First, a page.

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SaaS Security: what is it & how to manage the risk

SaaS Security is focused on securing sensitive data that’s stored in or integrated with the SaaS applications the company and its employees use.

SaaS security is a common phrase, but what does it mean? There are several categories of security products that do bits of “SaaS security,” but the phrase means different things to everyone, and there’s a lot of jargon to demystify in this space.

A quick Google search for “SaaS security” pulls in all types of security solutions and platforms, including those under these categories: cloud access security brokers (CASB), SaaS security posture management (SSPM), cloud security posture management (CSPM), and a few others.

When you’re on the hook to secure SaaS use in your company, it can be hard to even know where to start and where to focus. We hope this article helps you get some clarity about where you should focus and how to manage the risk in a sustainable way with your limited resources.

Let’s start with a quick, high-level definition.

What is SaaS security?

SaaS Security is focused on securing sensitive data that’s stored in or integrated with the SaaS applications the company and its employees use.

When it comes to managing the risk SaaS security introduces, people are really talking about two things: 

  1. Managing supply chain risk - Do you trust the vendors of the applications you’re using?

  2. SaaS account security and access controls - Are you using those applications securely?

Where should I focus my efforts?

We hear about the supply chain side of SaaS security more often than the account security aspect, likely because supply chain attacks have a much wider blast radius and are therefore the attacks that are getting detected and disclosed to the press.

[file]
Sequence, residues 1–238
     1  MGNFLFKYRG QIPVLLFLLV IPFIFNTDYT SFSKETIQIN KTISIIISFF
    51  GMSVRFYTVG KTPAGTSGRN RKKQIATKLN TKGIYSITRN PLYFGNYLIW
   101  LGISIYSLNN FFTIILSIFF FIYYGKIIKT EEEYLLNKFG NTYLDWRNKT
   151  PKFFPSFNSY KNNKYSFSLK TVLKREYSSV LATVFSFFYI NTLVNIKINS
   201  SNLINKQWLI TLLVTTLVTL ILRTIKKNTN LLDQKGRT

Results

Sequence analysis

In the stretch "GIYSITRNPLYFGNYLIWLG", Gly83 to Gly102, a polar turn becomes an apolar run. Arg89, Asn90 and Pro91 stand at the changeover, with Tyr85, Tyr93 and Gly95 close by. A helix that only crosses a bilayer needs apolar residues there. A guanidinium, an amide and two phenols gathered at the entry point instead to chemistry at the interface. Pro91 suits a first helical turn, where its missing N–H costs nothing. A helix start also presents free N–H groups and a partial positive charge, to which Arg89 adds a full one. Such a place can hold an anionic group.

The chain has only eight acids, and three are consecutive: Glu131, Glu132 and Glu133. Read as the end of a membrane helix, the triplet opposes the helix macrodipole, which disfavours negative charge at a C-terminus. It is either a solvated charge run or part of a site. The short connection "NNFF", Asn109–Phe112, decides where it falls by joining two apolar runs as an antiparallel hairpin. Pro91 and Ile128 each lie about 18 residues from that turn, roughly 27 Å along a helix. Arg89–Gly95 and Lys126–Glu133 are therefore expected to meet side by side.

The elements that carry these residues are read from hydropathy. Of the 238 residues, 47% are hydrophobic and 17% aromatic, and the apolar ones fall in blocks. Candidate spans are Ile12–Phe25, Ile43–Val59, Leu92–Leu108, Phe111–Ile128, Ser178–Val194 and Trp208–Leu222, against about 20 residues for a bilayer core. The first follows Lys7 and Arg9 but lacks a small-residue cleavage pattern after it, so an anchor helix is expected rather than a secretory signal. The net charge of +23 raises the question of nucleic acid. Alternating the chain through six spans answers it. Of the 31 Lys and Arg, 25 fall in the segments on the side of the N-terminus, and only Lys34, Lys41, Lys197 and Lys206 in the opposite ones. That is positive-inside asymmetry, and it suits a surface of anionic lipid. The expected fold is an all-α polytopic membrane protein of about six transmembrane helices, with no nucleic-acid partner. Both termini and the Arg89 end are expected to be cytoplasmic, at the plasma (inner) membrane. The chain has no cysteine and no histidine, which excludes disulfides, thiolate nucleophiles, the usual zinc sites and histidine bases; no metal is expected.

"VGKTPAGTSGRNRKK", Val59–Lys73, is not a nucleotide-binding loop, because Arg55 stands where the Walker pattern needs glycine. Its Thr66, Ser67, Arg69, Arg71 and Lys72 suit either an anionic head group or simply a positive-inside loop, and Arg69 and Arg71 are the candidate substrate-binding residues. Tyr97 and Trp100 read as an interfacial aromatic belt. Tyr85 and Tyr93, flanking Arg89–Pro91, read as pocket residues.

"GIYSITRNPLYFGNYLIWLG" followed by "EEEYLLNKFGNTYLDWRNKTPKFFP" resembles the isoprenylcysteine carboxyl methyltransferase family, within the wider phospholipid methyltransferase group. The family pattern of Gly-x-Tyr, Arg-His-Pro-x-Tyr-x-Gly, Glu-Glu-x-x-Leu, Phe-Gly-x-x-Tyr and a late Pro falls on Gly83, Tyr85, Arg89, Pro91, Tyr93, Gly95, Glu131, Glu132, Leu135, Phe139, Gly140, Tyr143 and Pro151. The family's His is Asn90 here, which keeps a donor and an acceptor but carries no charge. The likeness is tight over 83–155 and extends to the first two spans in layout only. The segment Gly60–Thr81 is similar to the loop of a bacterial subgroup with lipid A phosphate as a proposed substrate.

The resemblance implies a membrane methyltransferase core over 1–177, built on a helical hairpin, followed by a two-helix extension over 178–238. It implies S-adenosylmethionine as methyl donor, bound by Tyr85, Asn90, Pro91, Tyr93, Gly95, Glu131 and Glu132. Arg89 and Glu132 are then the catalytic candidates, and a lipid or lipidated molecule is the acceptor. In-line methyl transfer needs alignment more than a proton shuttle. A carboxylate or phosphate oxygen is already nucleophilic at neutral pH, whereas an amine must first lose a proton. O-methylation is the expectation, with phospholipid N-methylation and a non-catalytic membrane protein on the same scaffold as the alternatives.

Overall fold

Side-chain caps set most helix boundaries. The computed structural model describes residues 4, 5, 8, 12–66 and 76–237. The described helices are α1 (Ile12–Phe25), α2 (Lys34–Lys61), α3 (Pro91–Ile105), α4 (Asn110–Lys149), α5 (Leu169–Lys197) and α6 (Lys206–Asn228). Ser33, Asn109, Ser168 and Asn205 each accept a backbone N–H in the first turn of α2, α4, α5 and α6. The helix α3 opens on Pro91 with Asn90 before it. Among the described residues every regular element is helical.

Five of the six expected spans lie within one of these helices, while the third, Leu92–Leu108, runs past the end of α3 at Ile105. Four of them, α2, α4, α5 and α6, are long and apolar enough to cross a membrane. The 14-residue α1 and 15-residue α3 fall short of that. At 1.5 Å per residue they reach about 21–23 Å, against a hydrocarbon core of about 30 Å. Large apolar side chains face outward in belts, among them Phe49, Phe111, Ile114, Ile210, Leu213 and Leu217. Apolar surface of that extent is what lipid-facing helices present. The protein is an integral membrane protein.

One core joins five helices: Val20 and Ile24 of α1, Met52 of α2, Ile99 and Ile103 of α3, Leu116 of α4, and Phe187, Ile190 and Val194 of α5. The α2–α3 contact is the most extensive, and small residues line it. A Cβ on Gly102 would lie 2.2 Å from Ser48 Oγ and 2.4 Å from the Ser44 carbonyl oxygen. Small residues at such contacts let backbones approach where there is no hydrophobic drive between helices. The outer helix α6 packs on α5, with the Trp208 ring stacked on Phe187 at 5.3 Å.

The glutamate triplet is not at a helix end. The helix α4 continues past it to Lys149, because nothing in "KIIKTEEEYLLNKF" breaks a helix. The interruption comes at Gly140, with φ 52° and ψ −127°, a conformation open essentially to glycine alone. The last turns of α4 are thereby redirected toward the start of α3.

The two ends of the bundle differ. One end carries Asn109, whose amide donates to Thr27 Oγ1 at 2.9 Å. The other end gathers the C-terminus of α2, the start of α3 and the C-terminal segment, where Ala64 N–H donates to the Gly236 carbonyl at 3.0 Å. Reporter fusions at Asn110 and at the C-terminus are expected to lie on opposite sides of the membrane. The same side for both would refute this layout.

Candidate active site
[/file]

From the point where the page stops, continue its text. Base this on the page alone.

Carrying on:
These are the far-reaching attacks that might start with a platform that many organizations use for business (Salesforce, for example). If that SaaS platform is compromised, every company’s data is compromised, including your own. These things aren’t something you can directly prevent from happening. 

SaaS account security, however, is something you have control of and you can lock down.

Focus on SaaS security at the account level, but don’t ignore supply chain risk

As a security leader, you need to deal with both halves of SaaS security. On the supply chain side, you need to investigate whether you trust the SaaS providers themselves and the security measures they use to look after your data. The SaaS vendor is best suited to manage the risk of their own app itself, but you do need to do due diligence on the supplier to ensure they’re doing enough to comply with your organization’s risk tolerance level. 

The bit you have direct control over, however, is the account security aspect of SaaS security. That’s a great area to focus on when it comes to SaaS security. You can enforce strong access controls and security basics like making sure employees use multi-factor authentication (MFA) and strong, unique passwords - or, better yet, social logins - to access their SaaS applications.

Let’s break down how a SaaS security program could work in your organization. Keep in mind, this may be closely tied to your cloud security program, but they’re two unique areas to focus on if you’re a SaaS-native or hybrid company that’s moving away from centralized infrastructure to the cloud and SaaS applications.

How do I build a SaaS security program in my organization?

The National Cyber Security Centre produced a shared responsibility model that does a great job of demonstrating the split between the SaaS provider’s responsibility when it comes to securing their app and the sensitive data put into it by their customers and the responsibility of the “customer” (you).  

Customer responsibility for SaaS apps PLG